Just added data.
Ok. Something good happened (I think). California revised it’s reported numbers. Normally, I hate this because then I have to back and reconcile everything. But last time I reported on Calif I was bummed because there was an obvious inflection in the the deaths curve, which typically means secondary infection.
But, as it turns out… they revised the official record… and voila! No inflection point. (I’m happy for my mama!) There remains a glitch in the data, but the rest follows as we normally expect. I give you two graphs, one smoothed and one not. Because of the change in data, I also included a fine tuning of the parameters, and I show you a smoothed plot for that. I also include a reference graph/citation from Wiki. I’ma perta’ happy right’a now!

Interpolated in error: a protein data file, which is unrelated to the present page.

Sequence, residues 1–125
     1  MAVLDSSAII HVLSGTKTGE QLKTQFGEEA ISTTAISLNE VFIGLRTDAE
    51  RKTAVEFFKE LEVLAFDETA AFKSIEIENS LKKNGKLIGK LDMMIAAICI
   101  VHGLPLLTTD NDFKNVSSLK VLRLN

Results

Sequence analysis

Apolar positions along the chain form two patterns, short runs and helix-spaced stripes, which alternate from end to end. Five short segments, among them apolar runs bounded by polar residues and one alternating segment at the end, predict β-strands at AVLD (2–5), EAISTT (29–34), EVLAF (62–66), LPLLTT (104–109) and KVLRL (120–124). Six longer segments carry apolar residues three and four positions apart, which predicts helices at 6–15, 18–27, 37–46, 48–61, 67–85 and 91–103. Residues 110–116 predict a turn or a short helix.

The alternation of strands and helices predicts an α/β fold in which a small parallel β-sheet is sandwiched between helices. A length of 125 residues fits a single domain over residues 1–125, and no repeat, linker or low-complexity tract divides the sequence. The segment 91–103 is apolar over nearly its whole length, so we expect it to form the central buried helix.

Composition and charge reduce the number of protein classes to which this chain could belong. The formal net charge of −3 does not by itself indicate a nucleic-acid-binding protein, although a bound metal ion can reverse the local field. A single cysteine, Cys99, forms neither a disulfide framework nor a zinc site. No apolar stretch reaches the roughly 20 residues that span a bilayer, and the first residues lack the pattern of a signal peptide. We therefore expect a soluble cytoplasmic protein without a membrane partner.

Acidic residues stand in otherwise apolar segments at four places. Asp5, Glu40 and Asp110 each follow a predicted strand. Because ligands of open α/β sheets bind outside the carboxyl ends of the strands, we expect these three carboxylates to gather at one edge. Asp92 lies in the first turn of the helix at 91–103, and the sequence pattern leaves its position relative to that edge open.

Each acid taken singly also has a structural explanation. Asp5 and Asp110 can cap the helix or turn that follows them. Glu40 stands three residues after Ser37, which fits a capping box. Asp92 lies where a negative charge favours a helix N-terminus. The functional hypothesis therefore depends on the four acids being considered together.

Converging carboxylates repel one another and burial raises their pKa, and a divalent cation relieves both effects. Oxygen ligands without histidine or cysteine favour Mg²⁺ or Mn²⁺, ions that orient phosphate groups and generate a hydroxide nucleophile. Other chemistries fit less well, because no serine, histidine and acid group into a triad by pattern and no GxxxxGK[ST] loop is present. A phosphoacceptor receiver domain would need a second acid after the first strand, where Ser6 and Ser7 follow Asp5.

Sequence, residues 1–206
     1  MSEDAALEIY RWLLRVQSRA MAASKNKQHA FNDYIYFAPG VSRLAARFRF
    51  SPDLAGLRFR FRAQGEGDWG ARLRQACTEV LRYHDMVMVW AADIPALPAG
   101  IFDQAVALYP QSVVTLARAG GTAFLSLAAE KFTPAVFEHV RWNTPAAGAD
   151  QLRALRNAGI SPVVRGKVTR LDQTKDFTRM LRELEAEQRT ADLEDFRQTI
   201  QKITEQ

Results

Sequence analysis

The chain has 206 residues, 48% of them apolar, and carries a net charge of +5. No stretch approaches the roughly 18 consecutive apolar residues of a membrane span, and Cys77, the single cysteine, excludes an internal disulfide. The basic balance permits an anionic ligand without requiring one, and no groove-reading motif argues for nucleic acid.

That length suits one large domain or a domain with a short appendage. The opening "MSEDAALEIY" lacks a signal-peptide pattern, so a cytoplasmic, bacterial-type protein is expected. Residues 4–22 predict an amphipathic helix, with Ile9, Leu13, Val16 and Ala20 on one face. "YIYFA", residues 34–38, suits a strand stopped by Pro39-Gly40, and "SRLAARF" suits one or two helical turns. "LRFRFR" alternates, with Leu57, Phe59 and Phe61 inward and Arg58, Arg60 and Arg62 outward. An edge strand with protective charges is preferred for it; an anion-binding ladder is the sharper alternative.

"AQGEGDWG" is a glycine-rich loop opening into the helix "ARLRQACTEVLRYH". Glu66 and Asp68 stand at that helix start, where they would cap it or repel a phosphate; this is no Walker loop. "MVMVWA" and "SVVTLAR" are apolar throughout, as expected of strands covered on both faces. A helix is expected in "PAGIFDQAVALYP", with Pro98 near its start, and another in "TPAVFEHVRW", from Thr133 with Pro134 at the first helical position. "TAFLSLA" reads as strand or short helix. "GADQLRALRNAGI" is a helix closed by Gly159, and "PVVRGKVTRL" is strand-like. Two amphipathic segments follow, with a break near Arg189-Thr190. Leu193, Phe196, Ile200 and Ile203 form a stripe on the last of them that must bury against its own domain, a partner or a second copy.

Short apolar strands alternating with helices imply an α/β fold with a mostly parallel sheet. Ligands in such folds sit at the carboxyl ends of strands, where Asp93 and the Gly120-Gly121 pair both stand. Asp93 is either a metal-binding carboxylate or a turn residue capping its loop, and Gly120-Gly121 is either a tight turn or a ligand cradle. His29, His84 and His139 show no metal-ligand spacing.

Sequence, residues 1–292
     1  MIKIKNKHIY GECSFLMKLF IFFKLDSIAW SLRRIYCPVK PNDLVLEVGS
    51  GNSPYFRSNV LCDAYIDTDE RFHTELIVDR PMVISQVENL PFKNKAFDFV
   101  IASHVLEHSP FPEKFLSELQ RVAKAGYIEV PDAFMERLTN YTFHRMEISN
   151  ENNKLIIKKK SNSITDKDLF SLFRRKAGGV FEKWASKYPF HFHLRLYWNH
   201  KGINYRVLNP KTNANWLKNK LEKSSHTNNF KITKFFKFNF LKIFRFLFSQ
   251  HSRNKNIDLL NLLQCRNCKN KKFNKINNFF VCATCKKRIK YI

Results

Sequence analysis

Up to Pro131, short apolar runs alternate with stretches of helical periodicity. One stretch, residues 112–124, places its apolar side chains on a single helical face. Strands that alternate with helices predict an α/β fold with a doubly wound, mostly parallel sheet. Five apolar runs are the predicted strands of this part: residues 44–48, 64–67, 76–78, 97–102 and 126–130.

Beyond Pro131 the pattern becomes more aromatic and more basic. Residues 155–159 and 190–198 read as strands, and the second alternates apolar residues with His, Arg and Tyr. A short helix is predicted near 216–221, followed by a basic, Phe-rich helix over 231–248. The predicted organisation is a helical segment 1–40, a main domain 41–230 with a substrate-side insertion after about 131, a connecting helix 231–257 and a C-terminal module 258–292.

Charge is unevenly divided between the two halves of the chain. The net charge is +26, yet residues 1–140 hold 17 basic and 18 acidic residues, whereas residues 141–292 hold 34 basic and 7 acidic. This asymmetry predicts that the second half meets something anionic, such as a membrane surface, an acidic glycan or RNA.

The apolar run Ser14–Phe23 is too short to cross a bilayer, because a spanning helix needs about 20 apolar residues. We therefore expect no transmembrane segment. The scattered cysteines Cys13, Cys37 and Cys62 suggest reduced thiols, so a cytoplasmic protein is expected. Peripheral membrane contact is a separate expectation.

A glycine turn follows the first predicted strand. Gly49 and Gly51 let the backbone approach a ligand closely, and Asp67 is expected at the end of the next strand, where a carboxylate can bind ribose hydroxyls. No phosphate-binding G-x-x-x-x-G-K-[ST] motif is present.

Just added data.
Huge jump in detected cases. When we see a huge jump in cases, but no change in deaths, that is good. It usually means a testing anomaly.
The model predicts 82 deaths *tomorrow* and that is what the deaths were *today*. An increase of 17 more deaths today is serious, but not reason for panic. In California, ten people die each day in car accidents.
So for now, I’d stick with testing anomaly; not an inflection point. But I am going to be paying attention tomorrow. My mom lives there, and she is vulnerable.
If the governor is trying to scare us; it is working. The initial projection of 115 is probably going to be low, because we are just only over the projected peak. Probably double. On a log scale, that is close. Let’s pray the count stays low. Prayin’ for you, Mom.
(You can see my personal biases at work here… gotta be extra careful. Go with the math; go with the math; go with the math…)
Just added the data. The deaths number was exact. So I suspect the bump up in reported cases is a testing artifact. California dreamin’…